Common Concerns about Spaying and Neutering

My Pet Will Become Fat and Lazy

  • Neutering reduces a male pet’s desire to roam (often over long distances) to find females in heat, so he may need more play and exercise opportunities once he’s neutered.
  • Spaying or neutering before your pet reaches sexual maturity (4 months – a year of age) generally has no effect on weight. Older pets, allowed to reach sexual maturity before surgery, may have more appetite because their hormone balance was changed, so their calorie intake may need to be monitored. With proper feeding and enough exercise, your pet will not gain weight.
  • Sterilization of your dog or cat does not cause a personality change. They will merely be more content and make better pets, giving their families their undivided attention.
  • The only personality changes that result from spaying or neutering are the positive changes—no roaming, less tendency to mark territory, and less aggression.


Only Females Need to Be Sterilized

  • Yes, females produce litters, but only after being bred by an intact male.
  • Males can sire hundreds of offspring and be quite a nuisance with their intense search for females.
  • Owners of intact males can face lawsuits from owners of females into whose yards the males intruded.
  • Most acts of aggression to animals or people are committed by intact male dogs.
  • Owners of intact male cats can face disturbance complaints.


If I Neuter My Dog, He Won’t Protect My Property or Family

  • Neutering will not affect a dog’s protective instinct, but it will make him less likely to have wandered off when an intruder comes.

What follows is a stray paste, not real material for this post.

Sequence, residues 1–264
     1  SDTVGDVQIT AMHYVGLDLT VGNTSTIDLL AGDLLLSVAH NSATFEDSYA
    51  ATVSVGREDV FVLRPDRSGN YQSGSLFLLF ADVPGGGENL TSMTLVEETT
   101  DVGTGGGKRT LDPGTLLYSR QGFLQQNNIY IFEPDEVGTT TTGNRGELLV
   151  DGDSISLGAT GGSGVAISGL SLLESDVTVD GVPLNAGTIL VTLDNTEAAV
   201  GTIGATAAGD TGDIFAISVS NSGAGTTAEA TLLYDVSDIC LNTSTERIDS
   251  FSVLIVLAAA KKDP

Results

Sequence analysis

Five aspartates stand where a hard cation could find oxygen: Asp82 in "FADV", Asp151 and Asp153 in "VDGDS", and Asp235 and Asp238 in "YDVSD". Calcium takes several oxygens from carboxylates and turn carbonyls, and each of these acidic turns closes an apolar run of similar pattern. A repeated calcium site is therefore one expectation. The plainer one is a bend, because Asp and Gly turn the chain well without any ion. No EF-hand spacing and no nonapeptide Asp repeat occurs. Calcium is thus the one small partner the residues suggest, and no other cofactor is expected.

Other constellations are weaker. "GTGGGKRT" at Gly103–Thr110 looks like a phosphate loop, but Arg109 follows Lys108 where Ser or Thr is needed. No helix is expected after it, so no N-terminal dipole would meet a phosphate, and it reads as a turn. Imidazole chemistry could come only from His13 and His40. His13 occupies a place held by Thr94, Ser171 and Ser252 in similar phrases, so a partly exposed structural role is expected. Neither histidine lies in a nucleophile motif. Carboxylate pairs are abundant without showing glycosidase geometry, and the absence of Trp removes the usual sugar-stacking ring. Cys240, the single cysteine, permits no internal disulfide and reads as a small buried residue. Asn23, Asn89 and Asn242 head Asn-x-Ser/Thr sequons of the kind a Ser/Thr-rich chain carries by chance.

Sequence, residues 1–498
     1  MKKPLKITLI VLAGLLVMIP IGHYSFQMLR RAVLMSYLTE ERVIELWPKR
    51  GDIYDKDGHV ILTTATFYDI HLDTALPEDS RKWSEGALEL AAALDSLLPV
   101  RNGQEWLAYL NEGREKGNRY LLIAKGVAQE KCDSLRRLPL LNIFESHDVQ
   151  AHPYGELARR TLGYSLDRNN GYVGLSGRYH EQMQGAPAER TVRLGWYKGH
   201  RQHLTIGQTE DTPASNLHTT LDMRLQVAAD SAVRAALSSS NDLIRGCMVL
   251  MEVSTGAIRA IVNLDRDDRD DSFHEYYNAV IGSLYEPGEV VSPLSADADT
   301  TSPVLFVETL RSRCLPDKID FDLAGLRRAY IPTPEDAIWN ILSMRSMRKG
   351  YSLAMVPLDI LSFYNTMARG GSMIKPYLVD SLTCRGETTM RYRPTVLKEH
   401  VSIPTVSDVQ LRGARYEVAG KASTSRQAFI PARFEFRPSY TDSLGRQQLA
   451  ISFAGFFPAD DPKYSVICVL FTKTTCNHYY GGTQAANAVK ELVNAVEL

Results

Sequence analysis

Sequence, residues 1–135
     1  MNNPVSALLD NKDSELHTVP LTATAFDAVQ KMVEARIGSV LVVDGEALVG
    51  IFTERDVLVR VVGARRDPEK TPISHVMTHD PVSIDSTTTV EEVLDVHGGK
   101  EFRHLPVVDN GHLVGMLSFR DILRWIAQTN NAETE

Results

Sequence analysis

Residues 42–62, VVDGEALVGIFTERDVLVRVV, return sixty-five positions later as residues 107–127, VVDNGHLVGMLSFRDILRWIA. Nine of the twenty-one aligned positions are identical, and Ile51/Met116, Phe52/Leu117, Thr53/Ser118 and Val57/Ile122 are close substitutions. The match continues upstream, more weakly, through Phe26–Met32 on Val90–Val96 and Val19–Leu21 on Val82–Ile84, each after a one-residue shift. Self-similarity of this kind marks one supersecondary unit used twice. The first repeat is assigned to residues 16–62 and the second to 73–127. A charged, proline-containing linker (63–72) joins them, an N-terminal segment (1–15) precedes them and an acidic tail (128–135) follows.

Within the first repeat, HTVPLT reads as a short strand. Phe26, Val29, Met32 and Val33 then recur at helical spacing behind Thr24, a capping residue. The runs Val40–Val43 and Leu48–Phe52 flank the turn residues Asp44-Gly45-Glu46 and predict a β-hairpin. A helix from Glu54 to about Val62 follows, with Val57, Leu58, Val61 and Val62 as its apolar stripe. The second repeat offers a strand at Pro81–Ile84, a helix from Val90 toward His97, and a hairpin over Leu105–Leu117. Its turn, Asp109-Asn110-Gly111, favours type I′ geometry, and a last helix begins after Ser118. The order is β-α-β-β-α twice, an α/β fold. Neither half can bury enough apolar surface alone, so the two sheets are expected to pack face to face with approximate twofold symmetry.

• He will also be more pleasant to live with, so he will be closer to family members in the event he is needed to protect them.

My Female Should Have a Litter First

  • Having a litter will not cause a female to settle down or mature.
  • An active female may become frustrated by the confinement with puppies and be anxious to leave them.
  • If never allowed to come into heat, she will be protected from many serious health dangers.


I Want My Children to Experience the Miracle of Birth

  • Most animals give birth during the night and nearly all will try to hide to achieve privacy.
  • Often puppies or kittens are born dead or die shortly after birth, which can be very distressing for children. The mother may have troubles giving birth and need veterinary assistance.
  • Placing the puppies or kittens in homes can be a stressful process for the entire family, not to mention the possibility of having to take them to a shelter because you were unable to find homes for them, leaving the children to wonder what happened to the babies they helped raise.
  • There are far better ways to educate children, especially when you consider the 4 – 6 million pets euthanized annually in this country because there are no homes for them. Watch a TV program rather than have a litter!

I Don’t Want to Interfere with Nature

  • Animals’ sexual activity is driven by hormones and causes much stress.
  • Spayed or neutered pets do not miss the hormones; in fact, they are more peaceful and content without the need to seek a mate or compete for dominance.
  • We have already interfered with nature. Domesticated animals, protected, fed and in better health, already live longer, cycle more often, mate more often, and produce larger surviving litters than their wild counterparts.
  • They depend on us to keep their offspring at a level where the each of the young ones has an opportunity for a loving home.


My Pet Should Experience Sex

  • For a dog or cat, sex is the result of a hormonally-driven, powerful, instinctive drive to reproduce.
  • Without the hormones, they never think of it and thus have none of the interest in sex that people do.
  • Men often over-identify with their pets to the extent that they reject the idea of neutering their pets as if it is a threat to themselves.

 Spaying and Neutering Cost Too Much

  • Most communities require that pets be licensed, and the fees are always significantly higher for unneutered and unsprayed animals.
  • Impound fees and fines for roaming at large are generally higher, too.
  • Compared to the cost of raising litters, and the serious health problems that face intact animals, the cost of surgery is very reasonable.
  • Spay/neuter assistance is often available to people who truly cannot afford the surgery costs.